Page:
One of the more interesting UI features that the iPad exposes is its use of screen orientation. A good example of this is in the e-mail application. In Portrait mode your screen is long and narrow, so you see one e-mail. This is convenient for reading longer pieces of text:
However, when you’re more in a browsing mode “let’s see what e-mail we got today”, you flip the device around and get a view with a message list on the left and e-mail at the right:
If find this a rather fascinating user interface idea and wonder if we can not apply it more iPhone applications as well. There’s one iPhone application that I know of that really uses this, and that’s the Calculator application, which in portrait mode looks like this:
And when you flip it:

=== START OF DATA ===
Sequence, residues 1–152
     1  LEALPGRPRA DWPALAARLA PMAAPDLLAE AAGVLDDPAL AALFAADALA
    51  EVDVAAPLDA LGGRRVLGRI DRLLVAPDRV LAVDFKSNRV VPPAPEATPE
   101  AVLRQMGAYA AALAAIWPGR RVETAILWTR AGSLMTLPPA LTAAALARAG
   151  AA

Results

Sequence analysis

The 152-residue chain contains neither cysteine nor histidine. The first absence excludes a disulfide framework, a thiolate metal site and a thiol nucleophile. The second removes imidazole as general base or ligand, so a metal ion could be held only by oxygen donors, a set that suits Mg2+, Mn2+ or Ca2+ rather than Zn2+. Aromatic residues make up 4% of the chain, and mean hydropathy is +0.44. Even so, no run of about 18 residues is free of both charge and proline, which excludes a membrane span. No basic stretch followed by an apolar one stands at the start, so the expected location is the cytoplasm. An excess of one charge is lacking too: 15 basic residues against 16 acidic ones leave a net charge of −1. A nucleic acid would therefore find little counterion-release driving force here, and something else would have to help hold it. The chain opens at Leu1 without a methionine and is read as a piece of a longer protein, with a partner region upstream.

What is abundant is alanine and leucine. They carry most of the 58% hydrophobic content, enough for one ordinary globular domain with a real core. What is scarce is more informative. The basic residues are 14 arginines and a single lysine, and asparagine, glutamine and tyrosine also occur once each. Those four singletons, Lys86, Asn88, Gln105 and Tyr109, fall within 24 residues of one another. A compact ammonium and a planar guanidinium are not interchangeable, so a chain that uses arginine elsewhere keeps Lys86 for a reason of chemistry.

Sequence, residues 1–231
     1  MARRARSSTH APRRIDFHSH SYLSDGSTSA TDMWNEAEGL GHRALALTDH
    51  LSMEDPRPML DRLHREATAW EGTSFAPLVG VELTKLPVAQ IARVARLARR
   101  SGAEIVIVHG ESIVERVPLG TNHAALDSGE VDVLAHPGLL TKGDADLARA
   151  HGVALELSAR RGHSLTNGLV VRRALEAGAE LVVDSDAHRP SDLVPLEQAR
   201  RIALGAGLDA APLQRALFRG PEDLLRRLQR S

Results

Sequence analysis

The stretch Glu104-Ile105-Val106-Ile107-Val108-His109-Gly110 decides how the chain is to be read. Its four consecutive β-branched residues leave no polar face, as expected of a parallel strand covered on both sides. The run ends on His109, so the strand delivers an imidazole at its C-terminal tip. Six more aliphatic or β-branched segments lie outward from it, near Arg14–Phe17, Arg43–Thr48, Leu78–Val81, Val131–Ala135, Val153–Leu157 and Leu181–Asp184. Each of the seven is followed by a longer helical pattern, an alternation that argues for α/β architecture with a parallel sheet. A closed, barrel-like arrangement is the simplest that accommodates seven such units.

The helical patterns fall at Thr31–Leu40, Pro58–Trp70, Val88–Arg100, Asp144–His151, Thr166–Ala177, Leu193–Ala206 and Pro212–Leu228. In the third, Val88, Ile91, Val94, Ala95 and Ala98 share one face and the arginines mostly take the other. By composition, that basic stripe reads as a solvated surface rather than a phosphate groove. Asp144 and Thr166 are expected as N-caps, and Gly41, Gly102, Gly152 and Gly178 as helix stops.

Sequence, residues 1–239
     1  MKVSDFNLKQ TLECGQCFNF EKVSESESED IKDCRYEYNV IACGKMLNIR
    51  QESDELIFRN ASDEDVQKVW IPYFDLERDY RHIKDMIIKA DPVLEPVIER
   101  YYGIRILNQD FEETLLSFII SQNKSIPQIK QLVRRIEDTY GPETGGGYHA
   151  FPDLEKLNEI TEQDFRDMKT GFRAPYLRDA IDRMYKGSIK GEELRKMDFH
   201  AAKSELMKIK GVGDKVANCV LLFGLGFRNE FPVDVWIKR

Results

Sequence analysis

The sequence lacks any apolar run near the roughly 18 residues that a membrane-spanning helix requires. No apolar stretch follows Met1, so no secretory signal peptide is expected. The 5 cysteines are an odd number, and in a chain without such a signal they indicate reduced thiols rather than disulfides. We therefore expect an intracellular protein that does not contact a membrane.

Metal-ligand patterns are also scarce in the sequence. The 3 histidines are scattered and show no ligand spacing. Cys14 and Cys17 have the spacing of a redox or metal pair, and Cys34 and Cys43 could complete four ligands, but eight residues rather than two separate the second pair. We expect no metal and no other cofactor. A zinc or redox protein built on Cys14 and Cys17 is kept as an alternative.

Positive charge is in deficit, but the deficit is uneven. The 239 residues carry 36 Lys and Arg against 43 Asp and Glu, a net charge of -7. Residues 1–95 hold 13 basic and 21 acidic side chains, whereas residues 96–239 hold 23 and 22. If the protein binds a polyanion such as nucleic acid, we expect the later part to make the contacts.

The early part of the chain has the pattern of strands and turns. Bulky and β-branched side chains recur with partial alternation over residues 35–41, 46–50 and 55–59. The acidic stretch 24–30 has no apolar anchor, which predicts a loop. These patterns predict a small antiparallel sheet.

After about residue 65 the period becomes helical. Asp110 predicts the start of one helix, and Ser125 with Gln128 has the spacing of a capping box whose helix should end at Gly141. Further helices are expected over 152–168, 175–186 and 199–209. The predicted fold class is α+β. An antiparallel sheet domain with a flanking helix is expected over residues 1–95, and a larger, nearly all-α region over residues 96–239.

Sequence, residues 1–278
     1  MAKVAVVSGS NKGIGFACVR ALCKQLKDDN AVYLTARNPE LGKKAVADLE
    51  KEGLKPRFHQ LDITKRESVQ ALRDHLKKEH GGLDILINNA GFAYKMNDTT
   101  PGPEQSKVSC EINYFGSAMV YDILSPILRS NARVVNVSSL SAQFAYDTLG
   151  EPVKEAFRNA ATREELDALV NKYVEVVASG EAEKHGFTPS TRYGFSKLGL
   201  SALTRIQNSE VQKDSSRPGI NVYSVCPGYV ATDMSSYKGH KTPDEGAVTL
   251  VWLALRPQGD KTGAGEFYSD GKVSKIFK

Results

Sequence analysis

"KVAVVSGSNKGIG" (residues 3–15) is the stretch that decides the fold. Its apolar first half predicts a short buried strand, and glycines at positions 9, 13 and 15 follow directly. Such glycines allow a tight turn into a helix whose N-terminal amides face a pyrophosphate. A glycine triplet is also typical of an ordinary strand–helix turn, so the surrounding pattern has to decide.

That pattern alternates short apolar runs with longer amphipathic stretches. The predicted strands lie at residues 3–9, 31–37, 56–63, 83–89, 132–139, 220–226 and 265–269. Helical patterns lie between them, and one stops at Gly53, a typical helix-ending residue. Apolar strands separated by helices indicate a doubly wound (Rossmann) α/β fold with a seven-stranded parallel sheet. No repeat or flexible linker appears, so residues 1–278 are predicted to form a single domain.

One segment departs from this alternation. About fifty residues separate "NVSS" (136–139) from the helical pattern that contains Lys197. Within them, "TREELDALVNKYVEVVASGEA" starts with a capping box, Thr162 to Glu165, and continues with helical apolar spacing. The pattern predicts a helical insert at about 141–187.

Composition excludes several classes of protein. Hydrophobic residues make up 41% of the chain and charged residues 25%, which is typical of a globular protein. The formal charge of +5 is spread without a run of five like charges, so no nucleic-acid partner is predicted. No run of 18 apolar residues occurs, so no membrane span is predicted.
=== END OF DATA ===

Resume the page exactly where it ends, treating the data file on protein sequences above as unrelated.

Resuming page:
In the framework for the development of mobile web applications that I’m developing, I have support for orientation events. Here’s a simple todo application I’m working on (looks best on an iPhone or desktop webkit browser) that takes advantage of this feature. I’m not entirely sure this is the best way to use the feature, but it’s cool nonetheless. In portrait mode the application looks as follows:
You can swipe any of the items to show a delete button:
However, if you’re in a destructive mode you can also flip the device around and switch to edit mode, in which all items become immediately deletable:
(You can emulate this behavior in a desktop browser by resizing the window, making it wider than it is long or vice versa).
A user interface design concept to think about.